A Coat of arms, more properly called an armorial achievement, armorial bearings or often just arms for short, in European tradition, is a design belonging to a particular person (or group of people such as a micronation) and used by them in a wide variety of ways. Historically, they were used by knights to identify them apart from enemy soldiers. In Continental Europe commoners were able to adopt Burgher arms. Unlike seals and emblems, coats of arms have a formal description that is expressed as a blazon. In the 21st century, coats of arms are still in use by a variety of institutions and individuals (for example several universities have guidelines on how their coats of arms may be used and protect their use).
The art of designing, displaying, describing, and recording arms is called heraldry. The use of coats of arms by countries, states, provinces, towns and villages is called civic heraldry.
In the heraldic traditions of England and Scotland an individual, rather than a family, had a coat of arms. In those traditions coats of arms are legal property transmitted from father to son; wives and daughters could also bear arms modified to indicate their relation to the current holder of the arms. Undifferenced arms are used only by one person at any given time. Other descendants of the original bearer could bear the ancestral arms only with some difference: usually a colour change or the addition of a distinguishing charge. One such charge is the label, which in British usage (outside the Royal Family) is now always the mark of an heir apparent.
Because of their importance in identification, particularly in seals on legal documents, the use of arms was strictly regulated; few countries continue in this today. This has been carried out by heralds and the study of coats of arms is therefore called "heraldry." Some other traditions (e.g., Polish heraldry) are less restrictive — allowing, for example, all members of a dynastic house or family to use the same arms, although one or more elements may be reserved to the head of the house.
In time, the use of coat of arms spread from military entities to educational institutes, and other establishments. According to a design institute article, "The modern logo and corporate livery have evolved from the battle standard and military uniform of medieval times".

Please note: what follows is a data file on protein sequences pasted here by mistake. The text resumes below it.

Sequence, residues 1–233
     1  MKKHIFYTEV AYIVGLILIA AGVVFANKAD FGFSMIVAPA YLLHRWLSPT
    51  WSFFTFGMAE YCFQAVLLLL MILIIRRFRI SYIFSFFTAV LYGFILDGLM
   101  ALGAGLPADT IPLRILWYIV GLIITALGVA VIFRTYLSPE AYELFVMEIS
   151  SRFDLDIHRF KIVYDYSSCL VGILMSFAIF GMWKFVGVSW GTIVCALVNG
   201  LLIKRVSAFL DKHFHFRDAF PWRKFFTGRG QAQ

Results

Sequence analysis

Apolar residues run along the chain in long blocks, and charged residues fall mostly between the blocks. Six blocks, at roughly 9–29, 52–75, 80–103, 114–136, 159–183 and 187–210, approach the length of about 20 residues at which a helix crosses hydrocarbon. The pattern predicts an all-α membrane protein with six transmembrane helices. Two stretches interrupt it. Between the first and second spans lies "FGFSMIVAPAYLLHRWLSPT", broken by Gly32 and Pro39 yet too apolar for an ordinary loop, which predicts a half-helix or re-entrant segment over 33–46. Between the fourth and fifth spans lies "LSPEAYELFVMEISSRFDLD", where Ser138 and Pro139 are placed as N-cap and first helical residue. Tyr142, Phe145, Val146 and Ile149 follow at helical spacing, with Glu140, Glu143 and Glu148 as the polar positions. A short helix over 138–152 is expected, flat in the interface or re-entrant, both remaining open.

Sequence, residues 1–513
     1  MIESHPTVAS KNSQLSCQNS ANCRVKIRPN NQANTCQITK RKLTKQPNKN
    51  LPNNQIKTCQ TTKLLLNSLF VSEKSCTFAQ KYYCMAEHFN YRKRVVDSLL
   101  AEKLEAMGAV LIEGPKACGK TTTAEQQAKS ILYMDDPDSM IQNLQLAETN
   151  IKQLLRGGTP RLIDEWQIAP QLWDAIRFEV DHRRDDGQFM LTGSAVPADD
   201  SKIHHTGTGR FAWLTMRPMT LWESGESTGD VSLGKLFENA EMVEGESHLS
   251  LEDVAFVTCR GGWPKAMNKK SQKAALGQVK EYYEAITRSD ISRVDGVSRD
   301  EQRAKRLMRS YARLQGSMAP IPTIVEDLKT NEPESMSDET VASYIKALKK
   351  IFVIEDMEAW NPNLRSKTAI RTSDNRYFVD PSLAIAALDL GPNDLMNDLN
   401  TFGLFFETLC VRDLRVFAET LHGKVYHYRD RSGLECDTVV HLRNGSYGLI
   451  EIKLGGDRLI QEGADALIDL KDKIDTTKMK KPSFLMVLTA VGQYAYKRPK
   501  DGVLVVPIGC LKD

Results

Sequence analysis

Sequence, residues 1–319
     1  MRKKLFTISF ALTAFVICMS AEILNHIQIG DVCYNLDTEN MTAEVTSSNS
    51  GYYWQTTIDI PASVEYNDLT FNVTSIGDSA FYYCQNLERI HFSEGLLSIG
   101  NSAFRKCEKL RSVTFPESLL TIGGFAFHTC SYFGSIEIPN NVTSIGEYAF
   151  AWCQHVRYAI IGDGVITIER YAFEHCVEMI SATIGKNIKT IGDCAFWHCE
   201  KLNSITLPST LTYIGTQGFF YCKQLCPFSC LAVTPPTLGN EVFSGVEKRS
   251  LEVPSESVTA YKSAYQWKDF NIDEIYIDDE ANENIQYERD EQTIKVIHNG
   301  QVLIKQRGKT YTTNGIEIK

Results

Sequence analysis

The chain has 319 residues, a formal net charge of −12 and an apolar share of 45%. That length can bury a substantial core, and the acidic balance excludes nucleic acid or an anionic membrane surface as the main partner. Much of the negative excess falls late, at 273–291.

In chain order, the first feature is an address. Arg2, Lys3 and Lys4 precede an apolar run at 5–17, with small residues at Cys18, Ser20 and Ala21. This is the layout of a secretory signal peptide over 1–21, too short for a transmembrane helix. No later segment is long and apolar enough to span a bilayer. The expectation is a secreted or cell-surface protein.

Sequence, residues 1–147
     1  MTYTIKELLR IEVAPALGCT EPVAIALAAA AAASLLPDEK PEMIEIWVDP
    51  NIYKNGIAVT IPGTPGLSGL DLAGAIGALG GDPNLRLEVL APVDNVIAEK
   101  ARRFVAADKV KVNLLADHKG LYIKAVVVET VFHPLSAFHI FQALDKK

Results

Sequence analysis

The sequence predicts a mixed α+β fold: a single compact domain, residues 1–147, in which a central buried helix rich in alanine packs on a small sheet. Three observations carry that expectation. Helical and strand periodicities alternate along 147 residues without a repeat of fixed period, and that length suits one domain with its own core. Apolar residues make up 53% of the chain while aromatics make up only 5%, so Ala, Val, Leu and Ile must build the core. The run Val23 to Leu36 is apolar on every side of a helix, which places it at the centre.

In his book, The Visual Culture of Violence in the Late Middle Ages, Valentin Groebner argues that the images composed on coats of arms are in many cases designed to convey a feeling of power and strength, often in military terms. The author Helen Stuart argues that some coat of arms were a form of corporate logo. Museums on medieval coat of arms also point out that as emblems they may be viewed as a pre-cursors to the corporate logos of modern society, used for group identity formation.
Micronational coats of arms
- Maroon represents patriotism, courage, effort and preservation of culture. -Blue represents hope, truth, freedom and correct government. -Green represents discovery, wilderness and environmental legacy. The yellow compass represents the fourth, unofficial principle, which is the advancement of scientific knowlege. -White represents purity and justice in equal partnership with Blue (checkered design). -Pear Trees represent wildlife conservation and the fruits of labour. -Crown represents the monarch and monarchy. -Herons represent environmental legacy and that the environment supports us in every way. -Mottos. The upper motto says "Bal Tashchit" ("Do Not Destroy" in Hebrew, self-explanatory), while the lower motto says "V'achalta V'savata" ("You Shall Eat, And You Shall Be Satisfied" in Hebrew, meaning that we should take only what we need and be satisfied with what we have).
|Coat of Arms||Symbolism|
|Empire of Enok (disestablished)||The Enokian Imperial Coat of Arms represents the Imperial nature of the state. It shows the Imperial symbol(the Holy yellow, equal cross with 8 yellow, 4-cornered stars surrounding the cross) on a dark-blue, almost violet backround. Above the Imperial symbol, there is the founding date of the Empire(24 October 2016), written in roman numerals.|